DeLozier Livestock is a family operation. Pictured are Devin DeLozier’s wife Becky, and sons Dax, Dacen and Dade.
DeLozier Livestock is a family operation. Pictured are Devin DeLozier’s wife Becky, and sons Dax, Dacen and Dade. Submitted Photo.

The DeLozier family strives to breed the best cattle possible

ADAIR, OKLA. – Devin DeLozier is a fourth-generation rancher and an agriculture teacher at Adair (Okla.) High School. Devin started his love of farming and ranching at a young age when he helped his father Dennis DeLozier on the family ranch, which is made up of 1,400-acres near Adair, Okla. Devin and his wife Becky currently run about 100 head of cattle, and Dennis owns and additional 200 head. Devin, Becky and their sons, Dax, Dacen and Dade, are the primary operators of the ranch.

The herd is mainly registered and commercial Angus and Herefords. The most recent addition to the operation has been Red Angus. Devin said the breeds produce the highest quality cattle, which is what he seeks in his operation at DeLozier Livestock. Cattle at the DeLozier operation boost pedigrees from top bulls in both breeds. The bulls come from prodigious breeders from as far away as Kentucky and Tennessee.

Devin grew up raising Herefords, adding the black Angus 25 years ago.

“Black Angus are strong and raise a high price,” Devin said. “Herefords remind me of my family growing up, and the Red Angus started because of a friend, and they look great in shows” 

While there are different breeds on the farm, there is no crossbreeding. 

The main focus of the ranch is the production of high-quality bulls.

Bulls from the DeLozier ranch are marketed at 22 months of age, and fertility is guaranteed. For many years, the family has offered Angus bulls, have recently began marketing their Red Angus bulls and genetics. They also market several heifers annually. About 36 bulls are marketed each year from the Delozier breeding programs.

Animals not meeting the family’s criteria go into the meat market.

The DeLoziers work closely with their veterinarian, following a vaccination protocol recommended by the vet, which includes cattle being vaccinated against a battery of disease viruses, including pink eye and IBR. Calves are immunized at birth, and the full herd is vaccinated twice a year.

Females are bred in the spring and the fall, utilizing top-of-the-line bulls from the DeLozier bull battery and are carefully selected for each breeding group. Breeding is primarily through natural cover, as the family’s busy schedule doesn’t always allow the use of AI. Females approaching calving during harsh winter months are brought into a calving barn to give the calves the best chance of survival.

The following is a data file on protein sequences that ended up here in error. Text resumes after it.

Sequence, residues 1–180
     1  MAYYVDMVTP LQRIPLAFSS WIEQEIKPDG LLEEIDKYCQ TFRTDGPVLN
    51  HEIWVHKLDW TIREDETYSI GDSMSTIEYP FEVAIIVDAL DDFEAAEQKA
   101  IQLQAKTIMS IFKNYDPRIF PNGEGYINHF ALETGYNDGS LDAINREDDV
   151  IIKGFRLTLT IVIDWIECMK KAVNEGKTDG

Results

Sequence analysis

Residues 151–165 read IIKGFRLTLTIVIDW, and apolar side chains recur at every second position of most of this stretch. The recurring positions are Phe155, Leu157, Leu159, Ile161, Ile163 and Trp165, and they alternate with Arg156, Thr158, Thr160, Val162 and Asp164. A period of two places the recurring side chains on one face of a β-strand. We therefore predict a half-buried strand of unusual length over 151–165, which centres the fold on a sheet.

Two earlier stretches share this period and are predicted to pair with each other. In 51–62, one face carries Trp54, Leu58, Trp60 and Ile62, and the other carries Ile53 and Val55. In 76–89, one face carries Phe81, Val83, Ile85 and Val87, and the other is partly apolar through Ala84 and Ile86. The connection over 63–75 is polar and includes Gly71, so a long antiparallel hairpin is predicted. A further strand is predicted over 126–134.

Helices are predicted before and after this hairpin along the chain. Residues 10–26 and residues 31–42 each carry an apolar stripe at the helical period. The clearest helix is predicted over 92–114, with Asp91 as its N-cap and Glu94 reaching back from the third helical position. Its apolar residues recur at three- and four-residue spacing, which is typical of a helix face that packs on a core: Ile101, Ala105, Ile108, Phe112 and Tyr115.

Submitted Photo

In addition to cattle, the ranch also produces its own hay, which is a prairie hay with a mix of Bermudagrass. Cattle are moved to fresh pastures as needed through the ranch’s rotational grazing system. Devin has worked with the Natural Resources Conservation Service through a conservation stewardship program to spray fields and pastures to eliminate ragweed and other nuisance plants. His most recent battle has been against armyworms, which have caused significant damage to pastures and hayfields.

Cattle are primarily on grass, but in the winter months they do receive some grain, with lactating cows receiving 2 to 3 pounds per day, per cow. Cattle are also offered a medicated mineral and free choice salt blocks. 

As the cattle industry has changed, Devin said he has continued to follow those changes in his herd, including offering high-quality grasses and hay, as well as selected minerals.

In addition to the cattle operation, the family has also raised show pigs for the DeLozier boys, especially oldest son Dax, to show. Devin has assisted many students over the years with their swine projects as well.

In his role as an ag educator, Devin also assists students with dairy cattle, goat and/or sheep projects, in addition to in-class lessons. Many of Devin’s students have won awards in the show ring with their projects. Devin has always aspired to have perfection on his ranch and instills those core values into his students and own children.

The outlook for the future of ranching with the rise in technology and shift in the generations concerns Devin, including issues on the national level such as the impact of a methane immersions tax, drought and calf prices. He added that fewer young people are rushing out to work all day in the fields. Luckily, Devin’s sons are interested in becoming the fifth generation to continue the legacy, and son Dax aspires of becoming a veterinarian.

Devin DeLozier is very passionate about agriculture, with his strong core values and outlook, he will continue and keep teaching anyone that will listen and you can expect the DeLozier family ranch will continue for many more generations to come.

“The only way to achieve success is to work hard,” Devin said.


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